Porém, continuo a não estar fascinada por Narnia. E é um livro cuja história provavelmente esquecerei asap. Não é um livro que vai ficar comigo.
No geral, como os anteriores, foi ok. Acho que vou gostar mais do filme
Franco  Santos
Apr 22, 2014 rated it really liked it  ·  review of another edition
Mi favorito de la saga. En mi opinión es la mejor aventura. Un tomo que me resultó muy entretenido y el cual amé hasta las entrañas por ese viaje tan humano y a la vez tan fantástico.

El final es lo único negativo que le encontré: demasiado precipitado y rápido.
Selene
Oct 20, 2016 rated it really liked it  ·  review of another edition
Book Three in my Box Set

This story takes a completely different turn from the previous two. The main characters are not English (I believe in the entire series this is the only book where that happens). I enjoyed the adventure of it all but not as much as the previous books. I will definitely continue on with this series.
Joe
Nov 04, 2013 rated it did not like it  ·  review of another edition
Calormen is the land of scimitars, turbans, viziers and bazaars. Lewis makes clear from these details of tool and title that Calormen is his fantasy stand-in for the middle east. And he makes equally clear what he thinks of that region by how he describes the people that live there. For Calormen is also the land of dark-skinned men in dirty robes, abused children, mass slavery, petty haggling and a capital city that looks grand on the outside but is revealed to be a festering hole. Calormen is t ...more
Adrianna
“And certainly both Horses were doing, if not all they could, all they thought they could; which is not quite the same thing.”

I feel very disconnected from this series. I love certain parts, and the way the story is told feels magical, but I just don't have strong feelings for them.
There are a lot of themes and sentences deep enough that I know children won't understand them, so I think what's partly so magical, is reading these as an adult and realizing how wise some of the characters are,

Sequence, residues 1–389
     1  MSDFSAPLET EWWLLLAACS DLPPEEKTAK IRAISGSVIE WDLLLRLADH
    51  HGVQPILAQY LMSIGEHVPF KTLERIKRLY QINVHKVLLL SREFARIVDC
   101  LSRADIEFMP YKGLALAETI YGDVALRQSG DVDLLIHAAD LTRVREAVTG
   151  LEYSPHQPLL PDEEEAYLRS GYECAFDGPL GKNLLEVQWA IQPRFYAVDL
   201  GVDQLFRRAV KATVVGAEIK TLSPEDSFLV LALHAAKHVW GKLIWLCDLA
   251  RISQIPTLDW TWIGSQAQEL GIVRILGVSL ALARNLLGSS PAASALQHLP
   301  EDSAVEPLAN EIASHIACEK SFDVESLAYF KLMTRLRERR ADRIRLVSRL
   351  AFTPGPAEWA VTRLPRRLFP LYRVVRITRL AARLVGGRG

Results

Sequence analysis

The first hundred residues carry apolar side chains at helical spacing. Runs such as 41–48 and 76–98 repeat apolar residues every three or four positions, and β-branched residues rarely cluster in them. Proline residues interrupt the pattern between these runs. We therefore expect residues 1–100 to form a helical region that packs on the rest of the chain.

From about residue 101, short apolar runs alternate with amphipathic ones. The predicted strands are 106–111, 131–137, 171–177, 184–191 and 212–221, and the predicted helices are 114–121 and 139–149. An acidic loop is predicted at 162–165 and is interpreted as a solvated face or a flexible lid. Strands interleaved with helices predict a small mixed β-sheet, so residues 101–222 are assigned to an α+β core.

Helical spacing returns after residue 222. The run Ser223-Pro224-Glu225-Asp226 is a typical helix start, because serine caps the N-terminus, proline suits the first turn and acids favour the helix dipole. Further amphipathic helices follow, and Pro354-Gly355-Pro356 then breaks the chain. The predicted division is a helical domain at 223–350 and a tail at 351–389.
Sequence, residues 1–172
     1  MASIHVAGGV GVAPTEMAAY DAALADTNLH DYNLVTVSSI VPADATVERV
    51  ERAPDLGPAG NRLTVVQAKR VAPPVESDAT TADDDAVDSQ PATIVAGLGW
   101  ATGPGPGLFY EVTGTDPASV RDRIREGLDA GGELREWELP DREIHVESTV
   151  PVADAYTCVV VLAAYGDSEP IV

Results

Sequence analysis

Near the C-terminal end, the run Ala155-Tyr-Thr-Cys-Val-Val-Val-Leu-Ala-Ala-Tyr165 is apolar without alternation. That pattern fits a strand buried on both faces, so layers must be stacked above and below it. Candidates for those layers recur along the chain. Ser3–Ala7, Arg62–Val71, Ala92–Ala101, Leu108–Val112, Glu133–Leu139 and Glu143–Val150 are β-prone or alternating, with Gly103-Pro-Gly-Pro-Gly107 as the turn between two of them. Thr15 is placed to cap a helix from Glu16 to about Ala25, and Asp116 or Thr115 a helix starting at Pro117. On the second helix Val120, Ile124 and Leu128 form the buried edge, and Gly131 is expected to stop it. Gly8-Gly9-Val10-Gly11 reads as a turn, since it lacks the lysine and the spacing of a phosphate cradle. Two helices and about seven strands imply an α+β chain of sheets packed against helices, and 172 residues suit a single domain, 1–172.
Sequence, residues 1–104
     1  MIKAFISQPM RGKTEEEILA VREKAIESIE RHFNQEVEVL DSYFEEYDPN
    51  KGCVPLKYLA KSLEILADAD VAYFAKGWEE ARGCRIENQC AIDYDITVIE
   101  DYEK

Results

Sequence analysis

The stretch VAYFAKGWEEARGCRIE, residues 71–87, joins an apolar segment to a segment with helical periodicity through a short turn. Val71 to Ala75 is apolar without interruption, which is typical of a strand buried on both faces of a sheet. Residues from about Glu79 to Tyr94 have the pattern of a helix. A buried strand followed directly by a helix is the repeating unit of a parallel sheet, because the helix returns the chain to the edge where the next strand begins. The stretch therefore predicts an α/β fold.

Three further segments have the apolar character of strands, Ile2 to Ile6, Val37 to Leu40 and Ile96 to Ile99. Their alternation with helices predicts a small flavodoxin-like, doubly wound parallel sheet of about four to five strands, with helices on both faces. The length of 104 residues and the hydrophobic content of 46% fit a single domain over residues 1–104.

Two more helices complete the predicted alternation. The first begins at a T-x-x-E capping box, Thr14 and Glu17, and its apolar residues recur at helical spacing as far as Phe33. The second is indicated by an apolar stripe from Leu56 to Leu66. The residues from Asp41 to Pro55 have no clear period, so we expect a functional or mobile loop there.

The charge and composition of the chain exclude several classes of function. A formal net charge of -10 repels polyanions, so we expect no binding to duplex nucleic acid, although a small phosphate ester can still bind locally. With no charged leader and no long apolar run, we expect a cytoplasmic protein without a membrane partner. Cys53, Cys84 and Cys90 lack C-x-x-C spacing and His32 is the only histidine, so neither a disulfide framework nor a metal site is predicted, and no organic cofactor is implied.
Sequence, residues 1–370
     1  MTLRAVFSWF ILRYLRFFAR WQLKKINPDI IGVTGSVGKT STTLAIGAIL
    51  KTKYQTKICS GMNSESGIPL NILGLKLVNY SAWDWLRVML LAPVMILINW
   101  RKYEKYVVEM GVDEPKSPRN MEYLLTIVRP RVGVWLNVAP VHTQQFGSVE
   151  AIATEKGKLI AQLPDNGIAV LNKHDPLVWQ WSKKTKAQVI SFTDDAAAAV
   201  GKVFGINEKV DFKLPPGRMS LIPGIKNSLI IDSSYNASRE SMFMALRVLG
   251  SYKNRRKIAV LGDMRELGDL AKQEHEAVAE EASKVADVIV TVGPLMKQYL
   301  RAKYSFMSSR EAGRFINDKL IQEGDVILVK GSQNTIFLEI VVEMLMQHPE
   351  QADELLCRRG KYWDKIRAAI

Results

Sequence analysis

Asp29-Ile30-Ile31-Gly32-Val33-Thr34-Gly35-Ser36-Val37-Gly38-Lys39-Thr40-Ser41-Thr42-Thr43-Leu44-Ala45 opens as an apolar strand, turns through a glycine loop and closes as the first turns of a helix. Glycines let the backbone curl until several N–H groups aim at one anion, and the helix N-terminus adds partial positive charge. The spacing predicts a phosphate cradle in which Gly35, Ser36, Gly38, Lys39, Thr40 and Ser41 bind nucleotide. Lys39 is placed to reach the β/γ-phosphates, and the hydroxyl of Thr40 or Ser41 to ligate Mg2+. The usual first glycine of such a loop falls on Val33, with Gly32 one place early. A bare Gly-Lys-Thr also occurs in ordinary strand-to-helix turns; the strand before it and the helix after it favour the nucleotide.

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Danny Phanton
Hasta ahora este es el que menos me ha gustado de los tres que he leído, creo que no tiene mucho que ver con la saga y podría pasar bien por una historia completamente diferente. Empezó gustándome bastante, pero conforme avanzaba se me hizo un poco aburrido.

En si el libro esta bien, pero hasta ahí, Lewis sigue con su forma de narrar las cosas bastante única y eso me encanta de la saga, los nuevos personajes tampoco es que me gustaran tanto, excepto Bree<3, me encantó y fue bueno ver a Edmund
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Shannon (leaninglights)
I've never read this one until now! What a fun and awesome journey <3
Deborah Pickstone
I can never quite understand why a reader now gets upset about xenophobia or racist accusations about a book written before these concepts became verboten. I don't like either concept but this is a) fantasy and b) the above applies. It was quite ok back then to glorify the white man. Just as I would not expect a writer in the now to project current concepts onto a historical character (like these endlessly annoying 'feisty' historical women) I do expect a modern reader not to project their own m ...more
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Gabby Hiner 2 9 May 29, 2017 05:03AM  
FOR NARNIA: The Horse and His Boy book 6 17 Sep 05, 2016 11:15PM  
Goodreads Librari...: Change book cover 2 171 May 28, 2016 02:21AM  
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CLIVE STAPLES LEWIS (1898–1963) was one of the intellectual giants of the twentieth century and arguably one of the most influential writers of his day. He was a Fellow and Tutor in English Literature at Oxford University until 1954. He was unanimously elected to the Chair of Medieval and Renaissance Literature
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More about C.S. Lewis...

Other Books in the Series

The Chronicles of Narnia (Publication Order) (7 books)
  • The Lion, the Witch, and the Wardrobe (Chronicles of Narnia, #1)
  • Prince Caspian (Chronicles of Narnia, #2)
  • The Voyage of the Dawn Treader (Chronicles of Narnia, #3)
  • The Silver Chair (Chronicles of Narnia, #4)
  • The Magician's Nephew (Chronicles of Narnia, #6)
  • The Last Battle (Chronicles of Narnia, #7)

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“Do not dare not to dare.” 456 likes
“Child,' said the Lion, 'I am telling you your story, not hers. No one is told any story but their own.” 288 likes